Can't wait to return to sample some more of the menu. It was Tuesday night, and while it was busy, it didn't seem too noisy, and conversation was easy.
Sadly, I had bought into all of the buzz surrounding this place and went in with far too high expectations. I thought it was good, yes, but not great. TL, DR: everything is way, way, way too sweet. Don't get me wrong: the technique is spot on and the dishes are good - we finished each one. It just wasn't fabulous, awesome, or spectacular. It was just middle of the road.
Heirloom eggs - my absolute favorite dish of the night - tart, sour, bitter, salty - it hit all the right notes.
Corn pancakes - bartender told us this wouldn't be sweet - of course it was, but at least we were expecting it. The popcorn felt unnecessary. The peppers saved the dish.
Tortellini - there was something gravely wrong with this pasta. It wasn't good. The accompaniments were spot on, however.
Chicken fried local rabbit - what are they putting in that breading? It's so sweet it's pointless. Having everything together in one bite made it no better - the apple only made it sweeter. Fry job was good.
Beef neck - crazy salty (how much finishing salt is going on that thing?) and crazy sweet - both the glaze and the parsnips together. Braised perfectly - the meat fell apart at a touch. I wish the flavors were better balanced as the technique is good.
Smoked chocolate bread pudding and salt ice cream - awesome. Just awesome. The smokey, saltiness is layered, complex, and interesting. One of the better desserts I've had recently.
I was in again this weekend, and had a somewhat different experience in terms of what we did and did not like. Most dishes were excellent other than the bread pudding which was a bit too smoky in flavor for our party. Standout dishes were the rye pasta (large portion but still went quickly), lamb sirloin, beef neck and mushroom/egg dish (which now incorporates peas). The crudo which was had too much acid masking the flavor of the fish for my personal taste, but everyone else at out table liked it. We were pleased to see that the menu had evolved a decent amount in just a few short weeks since our last visit. Table service was warm and efficient.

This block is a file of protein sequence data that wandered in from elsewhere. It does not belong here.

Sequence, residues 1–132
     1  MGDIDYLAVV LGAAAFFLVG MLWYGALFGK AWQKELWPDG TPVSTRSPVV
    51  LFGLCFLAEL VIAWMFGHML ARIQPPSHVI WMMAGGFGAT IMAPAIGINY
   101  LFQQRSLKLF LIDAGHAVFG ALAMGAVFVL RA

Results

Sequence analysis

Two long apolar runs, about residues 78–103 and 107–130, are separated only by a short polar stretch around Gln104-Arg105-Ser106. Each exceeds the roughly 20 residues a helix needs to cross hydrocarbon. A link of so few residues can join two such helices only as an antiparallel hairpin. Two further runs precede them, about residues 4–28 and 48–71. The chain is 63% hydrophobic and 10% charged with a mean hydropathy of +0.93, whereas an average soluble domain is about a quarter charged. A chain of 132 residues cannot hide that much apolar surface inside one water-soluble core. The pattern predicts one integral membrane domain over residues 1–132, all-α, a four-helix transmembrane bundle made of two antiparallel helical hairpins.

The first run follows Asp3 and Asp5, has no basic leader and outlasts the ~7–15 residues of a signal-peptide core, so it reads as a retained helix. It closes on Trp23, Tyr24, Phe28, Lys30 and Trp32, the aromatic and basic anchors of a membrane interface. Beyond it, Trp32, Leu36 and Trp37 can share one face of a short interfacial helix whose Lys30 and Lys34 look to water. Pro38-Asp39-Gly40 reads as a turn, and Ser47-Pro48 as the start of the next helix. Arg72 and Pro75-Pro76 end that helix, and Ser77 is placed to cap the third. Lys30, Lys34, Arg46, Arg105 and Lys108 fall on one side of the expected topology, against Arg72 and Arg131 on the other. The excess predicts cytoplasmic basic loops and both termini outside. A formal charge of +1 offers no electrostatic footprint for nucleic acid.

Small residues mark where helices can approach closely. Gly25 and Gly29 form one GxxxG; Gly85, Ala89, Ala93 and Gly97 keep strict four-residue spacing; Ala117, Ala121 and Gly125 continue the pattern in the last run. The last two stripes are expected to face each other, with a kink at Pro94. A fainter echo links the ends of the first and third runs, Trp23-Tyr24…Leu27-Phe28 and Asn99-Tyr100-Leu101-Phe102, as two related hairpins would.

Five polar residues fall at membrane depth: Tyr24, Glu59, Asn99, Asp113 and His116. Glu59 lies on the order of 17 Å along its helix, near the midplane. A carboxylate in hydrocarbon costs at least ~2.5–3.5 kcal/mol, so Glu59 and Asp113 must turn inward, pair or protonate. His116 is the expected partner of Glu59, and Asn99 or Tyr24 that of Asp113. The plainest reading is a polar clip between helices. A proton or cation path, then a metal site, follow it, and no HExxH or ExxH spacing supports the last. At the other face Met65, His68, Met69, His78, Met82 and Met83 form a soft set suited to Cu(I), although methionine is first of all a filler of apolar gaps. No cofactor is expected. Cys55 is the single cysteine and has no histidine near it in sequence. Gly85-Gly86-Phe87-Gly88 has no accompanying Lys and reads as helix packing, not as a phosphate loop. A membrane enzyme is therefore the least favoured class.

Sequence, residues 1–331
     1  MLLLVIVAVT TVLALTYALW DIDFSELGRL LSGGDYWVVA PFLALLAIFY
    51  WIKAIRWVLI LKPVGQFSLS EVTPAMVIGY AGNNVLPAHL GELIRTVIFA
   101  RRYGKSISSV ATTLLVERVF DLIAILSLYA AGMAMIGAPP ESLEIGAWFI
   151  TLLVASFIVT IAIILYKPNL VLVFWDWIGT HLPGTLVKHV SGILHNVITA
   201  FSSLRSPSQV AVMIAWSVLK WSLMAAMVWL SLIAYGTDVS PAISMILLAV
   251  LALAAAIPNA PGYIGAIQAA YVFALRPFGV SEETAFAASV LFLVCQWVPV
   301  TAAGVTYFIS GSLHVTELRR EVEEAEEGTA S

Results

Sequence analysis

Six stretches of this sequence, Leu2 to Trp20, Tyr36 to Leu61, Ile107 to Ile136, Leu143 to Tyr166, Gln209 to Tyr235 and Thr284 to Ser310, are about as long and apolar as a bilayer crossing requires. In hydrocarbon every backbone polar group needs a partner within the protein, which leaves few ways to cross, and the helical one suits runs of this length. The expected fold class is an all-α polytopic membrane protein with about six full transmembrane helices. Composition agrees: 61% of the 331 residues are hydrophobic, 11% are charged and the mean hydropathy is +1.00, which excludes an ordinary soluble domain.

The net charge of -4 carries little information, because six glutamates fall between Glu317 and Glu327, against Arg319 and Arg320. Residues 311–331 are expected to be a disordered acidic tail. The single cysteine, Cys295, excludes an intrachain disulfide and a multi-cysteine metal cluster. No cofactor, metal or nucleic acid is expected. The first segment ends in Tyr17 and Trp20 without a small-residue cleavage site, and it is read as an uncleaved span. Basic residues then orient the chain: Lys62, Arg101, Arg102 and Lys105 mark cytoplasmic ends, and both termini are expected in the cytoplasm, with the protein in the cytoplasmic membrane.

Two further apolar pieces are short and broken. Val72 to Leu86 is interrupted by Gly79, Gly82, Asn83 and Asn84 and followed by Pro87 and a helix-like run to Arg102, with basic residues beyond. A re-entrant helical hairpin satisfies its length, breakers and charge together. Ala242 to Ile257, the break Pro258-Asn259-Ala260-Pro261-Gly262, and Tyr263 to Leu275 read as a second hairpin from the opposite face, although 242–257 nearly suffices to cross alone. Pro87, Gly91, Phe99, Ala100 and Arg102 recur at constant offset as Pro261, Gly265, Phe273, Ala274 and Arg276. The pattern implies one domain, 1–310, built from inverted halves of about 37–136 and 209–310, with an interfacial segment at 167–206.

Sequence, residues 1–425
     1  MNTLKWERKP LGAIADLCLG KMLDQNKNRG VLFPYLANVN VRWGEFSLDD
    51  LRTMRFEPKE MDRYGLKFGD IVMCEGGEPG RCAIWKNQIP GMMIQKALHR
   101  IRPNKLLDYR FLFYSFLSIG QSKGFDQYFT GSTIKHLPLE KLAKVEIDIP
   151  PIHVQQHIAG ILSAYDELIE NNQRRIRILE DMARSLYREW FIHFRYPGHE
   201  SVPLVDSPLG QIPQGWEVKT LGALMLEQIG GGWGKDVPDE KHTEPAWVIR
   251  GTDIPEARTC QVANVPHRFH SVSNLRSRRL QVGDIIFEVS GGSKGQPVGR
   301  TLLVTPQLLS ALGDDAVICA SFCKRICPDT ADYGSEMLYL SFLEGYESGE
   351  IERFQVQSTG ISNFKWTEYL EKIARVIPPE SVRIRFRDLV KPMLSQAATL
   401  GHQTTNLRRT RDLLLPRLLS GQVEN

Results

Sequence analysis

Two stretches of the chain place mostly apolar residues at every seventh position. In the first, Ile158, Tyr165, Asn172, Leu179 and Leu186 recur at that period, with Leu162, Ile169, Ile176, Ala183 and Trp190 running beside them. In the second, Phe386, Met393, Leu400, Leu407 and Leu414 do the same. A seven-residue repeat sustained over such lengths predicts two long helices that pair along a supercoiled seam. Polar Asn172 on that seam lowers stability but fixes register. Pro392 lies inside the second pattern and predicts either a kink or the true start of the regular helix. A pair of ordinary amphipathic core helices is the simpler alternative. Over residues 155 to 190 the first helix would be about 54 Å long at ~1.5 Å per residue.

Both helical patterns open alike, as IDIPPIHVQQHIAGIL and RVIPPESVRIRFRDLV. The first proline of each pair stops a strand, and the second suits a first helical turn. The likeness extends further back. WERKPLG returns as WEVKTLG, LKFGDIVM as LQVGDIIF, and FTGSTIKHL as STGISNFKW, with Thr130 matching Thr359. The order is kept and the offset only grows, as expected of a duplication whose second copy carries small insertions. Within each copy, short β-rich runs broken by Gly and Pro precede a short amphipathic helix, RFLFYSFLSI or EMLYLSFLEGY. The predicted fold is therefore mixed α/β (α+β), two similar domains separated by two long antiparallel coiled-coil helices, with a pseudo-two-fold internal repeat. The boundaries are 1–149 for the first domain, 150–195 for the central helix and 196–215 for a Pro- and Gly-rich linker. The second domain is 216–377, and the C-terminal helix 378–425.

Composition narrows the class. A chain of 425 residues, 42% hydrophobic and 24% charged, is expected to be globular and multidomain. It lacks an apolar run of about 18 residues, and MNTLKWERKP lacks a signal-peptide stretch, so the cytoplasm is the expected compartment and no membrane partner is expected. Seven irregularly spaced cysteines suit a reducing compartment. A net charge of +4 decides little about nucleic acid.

One thing that is becoming apparent is that they have a real issue with bar being able to keep up and it's not getting any better. We were with a group ready to imbibe a bit and despite having to wait 10+ min for our table, no one was able to successfully flag down a bartender for a round before sitting. Once at our table, cocktails took a very long time to come once ordered. One member of our party took to ordering another round when the previous arrived, but they still only managed 3 rounds during our rather long meal. The drinks are great, but they're not keeping up with neither the bar customers, nor service bar for the dining room.
Also, as expected, the whole secret burger thing is just plain silly. The waitstaff must get really tired of going to the whole speil with every table (only 20 burgers a night and they are all "committed" blah blah). Just make enough damn burgers or take it off the menu and have it really be "secret".
I don't know why some CHs are vociferously anti- Devra First (I'm guessing they haven't read her reviews) but fyi, she gave 3 stars to A&H in today's Globe. I never agree with her 100% (what, she didn't like the smoked chocolate bread pudding?!!) but I enjoy her work. Congrats to Scelfo on all his hard work!
We went tonight and were very impressed. The butternut squash was definitely a highlight, and the charred broccoli + squash hummus was the other OMG GET THIS dish.
A lot of stuff was on the sweet side, but both of us were in a mood for that; I can see it being too sweet if it's not your thing.
The romanesco was the only dish I was disappointed in -- there weren't enough fiddleheads to really taste them, and while it was good, it wasn't nearly as good as everything else.